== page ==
Accountable systems: accountability that is as scalable as the growth of personal information about each of us

Danny Weitzner has been thinking about ‘accountability at scale’ for some time.  Along with Tim Berners-Lee he founded the Decentralized Information Group in MIT’s Computer Science and Artificial Intelligence Laboratory (CSAIL).

In a new blog “Real Privacy Tools for Big Data” for IAPP’s Privacy Tech, Danny writes that:

“A new approach to privacy management is necessary in order to enable organizations to handle data at scale and simultaneously remain consistent with the high standards of privacy protection.”

He then goes on to set down in his blog “four key features necessary for any information accountability solution:

  1. Common and simple language to create data use rules. Data users and privacy professionals should be able to create and implement rules, without the need for IT support. Changes must also be easy to make and apply automatically to all data. A change in government regulation need not cause major disruptions to the business line owners.
  2. Shared repository of policies and rules that apply to data held across the organization.
  3. Automated, real-time reasoning of data usage against these rules. Manual, point-in-time, procedural audits are not sufficient anymore, no matter how automated the audit reporting might be.
  4. Continuous monitoring and reporting. If privacy adherence exceptions arise, real­-time alerts should be accompanied by an easy-to-understand explanation of why the behavior in question is inappropriate. Privacy professionals should be able to view compliance status at any point in the monitoring.”

Any discussion about Digital Enlightenment will have to consider ways of effective, enforceable, scalable Information Accountability.  CSAIL is making a valuable contribution to developing it.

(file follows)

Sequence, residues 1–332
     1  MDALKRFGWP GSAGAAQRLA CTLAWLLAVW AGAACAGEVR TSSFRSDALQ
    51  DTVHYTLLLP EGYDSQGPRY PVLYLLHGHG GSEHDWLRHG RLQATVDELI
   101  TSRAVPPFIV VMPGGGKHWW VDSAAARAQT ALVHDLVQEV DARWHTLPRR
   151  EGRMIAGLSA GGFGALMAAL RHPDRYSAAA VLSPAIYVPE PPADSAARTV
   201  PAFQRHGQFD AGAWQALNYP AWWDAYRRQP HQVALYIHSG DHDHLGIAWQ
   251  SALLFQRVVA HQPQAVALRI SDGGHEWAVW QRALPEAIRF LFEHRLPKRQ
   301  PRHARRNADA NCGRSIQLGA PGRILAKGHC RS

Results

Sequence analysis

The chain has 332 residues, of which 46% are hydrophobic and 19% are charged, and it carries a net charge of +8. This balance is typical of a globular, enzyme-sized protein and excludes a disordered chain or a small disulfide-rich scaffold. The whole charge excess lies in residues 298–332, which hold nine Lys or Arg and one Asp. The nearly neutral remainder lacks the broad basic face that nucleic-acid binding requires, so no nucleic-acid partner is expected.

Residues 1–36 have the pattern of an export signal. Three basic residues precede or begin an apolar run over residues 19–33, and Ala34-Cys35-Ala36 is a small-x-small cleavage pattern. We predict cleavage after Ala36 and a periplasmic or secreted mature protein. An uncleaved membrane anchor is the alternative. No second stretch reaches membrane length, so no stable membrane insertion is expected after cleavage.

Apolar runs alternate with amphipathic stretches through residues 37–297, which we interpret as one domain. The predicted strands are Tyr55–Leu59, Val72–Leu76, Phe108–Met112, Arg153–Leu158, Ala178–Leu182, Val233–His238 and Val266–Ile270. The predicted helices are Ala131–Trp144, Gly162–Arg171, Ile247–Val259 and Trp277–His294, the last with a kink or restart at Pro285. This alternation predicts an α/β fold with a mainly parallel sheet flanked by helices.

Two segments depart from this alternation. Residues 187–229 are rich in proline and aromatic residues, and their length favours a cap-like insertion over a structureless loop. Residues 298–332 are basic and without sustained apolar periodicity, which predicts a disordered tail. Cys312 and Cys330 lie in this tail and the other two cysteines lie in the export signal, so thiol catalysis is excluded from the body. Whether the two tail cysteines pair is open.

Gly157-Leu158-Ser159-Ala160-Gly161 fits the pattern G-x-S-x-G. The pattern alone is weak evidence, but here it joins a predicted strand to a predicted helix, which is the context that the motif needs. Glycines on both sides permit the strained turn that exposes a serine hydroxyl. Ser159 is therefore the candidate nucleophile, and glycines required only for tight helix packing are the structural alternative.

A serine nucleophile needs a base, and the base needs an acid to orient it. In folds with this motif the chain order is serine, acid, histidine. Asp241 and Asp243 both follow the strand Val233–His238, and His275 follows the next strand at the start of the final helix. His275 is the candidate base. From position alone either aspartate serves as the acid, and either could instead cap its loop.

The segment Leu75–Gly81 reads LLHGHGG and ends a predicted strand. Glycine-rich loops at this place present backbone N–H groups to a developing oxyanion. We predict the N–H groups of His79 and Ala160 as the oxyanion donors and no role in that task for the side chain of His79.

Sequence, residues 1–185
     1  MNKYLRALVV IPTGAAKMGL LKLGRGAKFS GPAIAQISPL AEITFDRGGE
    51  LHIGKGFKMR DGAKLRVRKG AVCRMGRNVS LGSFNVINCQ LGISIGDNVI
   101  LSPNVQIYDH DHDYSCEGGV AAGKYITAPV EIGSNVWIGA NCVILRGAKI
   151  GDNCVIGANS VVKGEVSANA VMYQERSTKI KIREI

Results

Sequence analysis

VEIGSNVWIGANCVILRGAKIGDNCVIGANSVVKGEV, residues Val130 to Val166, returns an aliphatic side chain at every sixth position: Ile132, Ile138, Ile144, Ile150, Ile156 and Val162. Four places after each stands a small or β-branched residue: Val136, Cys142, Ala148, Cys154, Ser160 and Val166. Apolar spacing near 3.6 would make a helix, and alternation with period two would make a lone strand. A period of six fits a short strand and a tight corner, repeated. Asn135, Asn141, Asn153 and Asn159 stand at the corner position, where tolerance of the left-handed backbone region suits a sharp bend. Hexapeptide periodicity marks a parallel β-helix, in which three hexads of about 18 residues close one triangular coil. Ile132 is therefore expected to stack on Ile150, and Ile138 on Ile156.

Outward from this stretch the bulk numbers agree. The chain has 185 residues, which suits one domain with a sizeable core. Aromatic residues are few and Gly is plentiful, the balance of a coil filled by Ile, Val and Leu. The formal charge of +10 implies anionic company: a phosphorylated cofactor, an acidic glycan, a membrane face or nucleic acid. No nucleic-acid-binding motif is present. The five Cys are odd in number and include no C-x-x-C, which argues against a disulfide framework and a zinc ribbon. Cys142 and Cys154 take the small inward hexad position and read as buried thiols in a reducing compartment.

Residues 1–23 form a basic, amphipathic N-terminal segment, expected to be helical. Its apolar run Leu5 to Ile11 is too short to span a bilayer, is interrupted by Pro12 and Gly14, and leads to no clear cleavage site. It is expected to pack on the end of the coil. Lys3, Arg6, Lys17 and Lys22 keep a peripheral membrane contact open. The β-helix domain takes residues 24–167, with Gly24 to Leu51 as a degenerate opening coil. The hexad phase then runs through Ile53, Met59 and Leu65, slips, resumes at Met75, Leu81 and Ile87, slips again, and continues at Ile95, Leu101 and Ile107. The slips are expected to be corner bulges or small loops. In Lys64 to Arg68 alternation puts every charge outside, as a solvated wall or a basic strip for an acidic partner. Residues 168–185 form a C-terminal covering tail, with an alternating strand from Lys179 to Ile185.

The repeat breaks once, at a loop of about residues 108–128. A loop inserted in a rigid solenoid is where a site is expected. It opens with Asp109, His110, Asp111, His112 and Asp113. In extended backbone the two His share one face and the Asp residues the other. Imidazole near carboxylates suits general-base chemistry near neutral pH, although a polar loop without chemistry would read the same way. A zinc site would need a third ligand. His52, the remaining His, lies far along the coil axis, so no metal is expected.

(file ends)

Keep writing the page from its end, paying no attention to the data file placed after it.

4 thoughts on “Accountable systems: accountability that is as scalable as the growth of personal information about each of us

  1. digitrusteu March 7, 2015 / 2:55 pm

    A laudable initiative indeed. However, these four point are unfortunately not extremely clear to me:

    Has each company its own shared repository or will we have a standard repository with each company making his own (law compliant) choice from it?

    What does automated, real time reasoning of data usage against these rules mean. How good will it be? Can I trust it?

    Continuous monitoring and reporting to whom and when. Should I expect masses of reports on the use of my data? Or is it only logging for auditing at some stage?


    • malcolmoz March 7, 2015 / 11:34 pm

      I think the main point of Danny’s work here is to establish the need for automated, scalable accountability processes to match the explosion in the amount of data (including metadata) that is collected on identifiable individuals, how is it used and analysed and with whom is it shared and with what is it combined. This level of accountability is beyond human capability so needs automating. To me, that is the main point of this initiative.

      Who sets the accountability standard, who runs the test (and are they in turn accredited in some way), to whom is the accountable entity actually accountable, how are any errors or violations corrected, enforced and how is any redress provided are all essential elements in the design, be it NZ, AU, EU, US, Japan, Korea, China, global, regional or anywhere else. Whether it is the 1995 EU Directive, the draft EU data protection regulation, the US President’s draft bill of rights, scalability is the question every time. The data and processes behind the tracking of current levels of digital activity are already beyond any current accountability processes and IoT hasn’t even got started yet in any serious way.

      To reiterate: the first thing to do is to recognise that new ways of delivering accountability are needed, which is why I like the challenge thrown out by Danny and his effort at answering his own question. And I know he is open to any challenge for improvement!


  2. TCole1066 March 7, 2015 / 3:42 pm

    This still begs the question: Who ist responible for setting and enforcing the rules? Whose rules, anyway? America’s? China’s? Saudi Arabia’s? And who will protect us from our protectors?


  3. digitrusteu March 7, 2015 / 4:51 pm

    Indeed. Who sets and enforces the rules does not seem a popular question in the US. And if they talk about it it is usually selfregulation (and self enforcement?)


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